Published: 24/02/2023 By ECAPThere have been a growing number of reasons for UK investors to be more optimistic in recent days despite the headlines being dominated by supermarkets rationing food and real wages still down. Sterling has been consolidating its recent gains this morning helped by data showing U.K. consumer confidence rebounded by the most in almost two years in February. The GfK’s consumer confidence indicator jumped seven points to -38, a 10-month high. Moreover, the more encouraging data emerging on the economy also led multiple financial titans to make a more optimistic tweak to their forecasts for the year ahead. A recession in the UK is no longer likely thanks to lower gas prices and unclogged supply chains as well as improving business confidence.
The Euro remains on the back foot this morning and is on track for a weekly loss of around 1%, with broader risk aversion keeping the single currency under pressure. Moreover, this morning’s data release showed a stronger than expected contraction of the German economy. This, along with recent weaker than expected economic data, adding to signals that Eurozone’s largest economy likely slid into recession in the first three months of 2023, contributes to pressure on Euro. Nevertheless, the European Central Bank has continuously made efforts in bringing down inflationary pressures by hiking interest rates. Ultimately, markets are pricing in an increase of 50-basis points in March and 25-basis points in May, as well as a 25-basis point hike in June.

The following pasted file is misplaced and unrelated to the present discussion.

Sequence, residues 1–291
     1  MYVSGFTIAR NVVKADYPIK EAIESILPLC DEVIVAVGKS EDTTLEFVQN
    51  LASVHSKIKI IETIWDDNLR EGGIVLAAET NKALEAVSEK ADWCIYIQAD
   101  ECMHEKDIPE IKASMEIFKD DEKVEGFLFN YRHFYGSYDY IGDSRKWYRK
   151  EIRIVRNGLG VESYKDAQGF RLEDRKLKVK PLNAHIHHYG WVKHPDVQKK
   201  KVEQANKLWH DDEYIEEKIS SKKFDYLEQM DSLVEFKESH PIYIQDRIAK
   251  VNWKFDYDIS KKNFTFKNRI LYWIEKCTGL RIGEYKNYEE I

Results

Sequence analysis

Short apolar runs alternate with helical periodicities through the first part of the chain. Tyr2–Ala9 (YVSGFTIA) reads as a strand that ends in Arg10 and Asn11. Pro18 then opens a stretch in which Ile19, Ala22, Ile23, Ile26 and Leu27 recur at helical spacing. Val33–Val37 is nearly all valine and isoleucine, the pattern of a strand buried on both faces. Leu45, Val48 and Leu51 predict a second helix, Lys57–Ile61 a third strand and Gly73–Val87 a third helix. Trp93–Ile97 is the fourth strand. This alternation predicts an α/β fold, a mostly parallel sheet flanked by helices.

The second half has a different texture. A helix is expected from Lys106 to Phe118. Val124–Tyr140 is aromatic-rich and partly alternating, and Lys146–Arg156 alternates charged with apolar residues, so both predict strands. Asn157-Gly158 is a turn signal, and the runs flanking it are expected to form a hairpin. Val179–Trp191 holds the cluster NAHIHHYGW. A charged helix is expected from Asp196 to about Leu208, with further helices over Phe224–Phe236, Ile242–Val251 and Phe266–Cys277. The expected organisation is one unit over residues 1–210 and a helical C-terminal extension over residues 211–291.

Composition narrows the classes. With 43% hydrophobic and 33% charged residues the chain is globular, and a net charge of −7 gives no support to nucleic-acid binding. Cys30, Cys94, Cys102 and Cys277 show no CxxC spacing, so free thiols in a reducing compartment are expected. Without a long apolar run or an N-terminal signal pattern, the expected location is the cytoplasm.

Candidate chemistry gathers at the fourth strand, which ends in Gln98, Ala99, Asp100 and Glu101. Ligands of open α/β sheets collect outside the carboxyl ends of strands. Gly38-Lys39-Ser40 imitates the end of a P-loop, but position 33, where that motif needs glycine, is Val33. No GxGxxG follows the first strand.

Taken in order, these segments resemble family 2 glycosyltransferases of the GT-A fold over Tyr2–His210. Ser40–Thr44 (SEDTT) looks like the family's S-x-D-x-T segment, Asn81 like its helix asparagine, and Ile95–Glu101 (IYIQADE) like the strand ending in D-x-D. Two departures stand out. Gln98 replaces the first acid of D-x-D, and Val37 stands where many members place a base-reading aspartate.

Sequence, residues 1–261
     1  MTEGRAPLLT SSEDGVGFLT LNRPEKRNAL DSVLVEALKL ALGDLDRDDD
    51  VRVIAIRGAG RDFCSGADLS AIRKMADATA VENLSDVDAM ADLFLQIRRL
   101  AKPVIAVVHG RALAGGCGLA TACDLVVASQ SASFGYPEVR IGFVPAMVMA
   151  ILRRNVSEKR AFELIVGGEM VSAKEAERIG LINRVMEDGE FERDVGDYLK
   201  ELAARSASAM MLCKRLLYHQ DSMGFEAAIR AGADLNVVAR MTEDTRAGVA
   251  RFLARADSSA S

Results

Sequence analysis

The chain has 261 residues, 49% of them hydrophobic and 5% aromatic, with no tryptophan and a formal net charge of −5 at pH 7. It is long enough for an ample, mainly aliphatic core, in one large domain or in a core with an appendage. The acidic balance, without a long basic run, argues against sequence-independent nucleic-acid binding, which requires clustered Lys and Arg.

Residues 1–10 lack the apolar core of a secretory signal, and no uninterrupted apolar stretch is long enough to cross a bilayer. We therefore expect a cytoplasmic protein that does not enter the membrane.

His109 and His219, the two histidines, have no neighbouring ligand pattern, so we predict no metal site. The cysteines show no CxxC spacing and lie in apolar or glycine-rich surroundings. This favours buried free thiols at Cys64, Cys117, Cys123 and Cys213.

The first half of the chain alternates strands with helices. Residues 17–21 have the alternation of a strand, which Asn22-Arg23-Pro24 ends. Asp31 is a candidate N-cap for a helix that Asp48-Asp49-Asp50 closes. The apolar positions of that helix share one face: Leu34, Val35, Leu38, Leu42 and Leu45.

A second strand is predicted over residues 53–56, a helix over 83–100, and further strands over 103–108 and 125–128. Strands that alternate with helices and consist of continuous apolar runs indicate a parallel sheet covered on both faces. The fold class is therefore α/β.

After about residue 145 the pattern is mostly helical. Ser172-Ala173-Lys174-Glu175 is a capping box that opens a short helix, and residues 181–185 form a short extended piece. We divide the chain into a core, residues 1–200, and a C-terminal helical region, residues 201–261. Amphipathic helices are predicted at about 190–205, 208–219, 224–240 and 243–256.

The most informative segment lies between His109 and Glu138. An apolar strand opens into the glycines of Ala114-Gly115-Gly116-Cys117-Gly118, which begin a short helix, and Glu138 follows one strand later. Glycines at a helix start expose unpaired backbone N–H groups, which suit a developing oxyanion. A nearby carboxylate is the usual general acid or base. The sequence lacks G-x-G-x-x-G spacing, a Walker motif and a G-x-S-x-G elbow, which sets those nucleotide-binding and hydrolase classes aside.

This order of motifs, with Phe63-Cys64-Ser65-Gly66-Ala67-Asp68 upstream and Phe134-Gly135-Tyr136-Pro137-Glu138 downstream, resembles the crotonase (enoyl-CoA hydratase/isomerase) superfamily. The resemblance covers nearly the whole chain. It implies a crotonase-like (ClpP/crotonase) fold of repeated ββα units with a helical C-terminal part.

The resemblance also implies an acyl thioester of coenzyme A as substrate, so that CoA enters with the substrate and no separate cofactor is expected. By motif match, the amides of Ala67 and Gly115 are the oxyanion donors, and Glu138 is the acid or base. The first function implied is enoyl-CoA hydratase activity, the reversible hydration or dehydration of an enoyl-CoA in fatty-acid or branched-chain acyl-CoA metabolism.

The US dollar remained in demand in early European trade this morning ahead of the release of the Federal Reserve’s favourite inflation measure, with interest rates seen staying higher for longer. The dollar is on course for its fourth consecutive week of gains with the Dollar Index last seen at 104.58, not far from the near seven-week high of 104.78 it hit during the previous session. Fourth quarter US GDP growth was revised lower, but the economic data released this year has painted a stronger picture of the US economy. Furthermore, a drop in weekly jobless claims showed that the job market remained hot, while retail sales were robust and business activity rebounded to an eight-month high in February. Ultimately, this all provides more headroom for Fed officials to continue hiking interest rates in an attempt to tame inflation, with the market expecting at least two, and probably three, more increases of 25-basis points.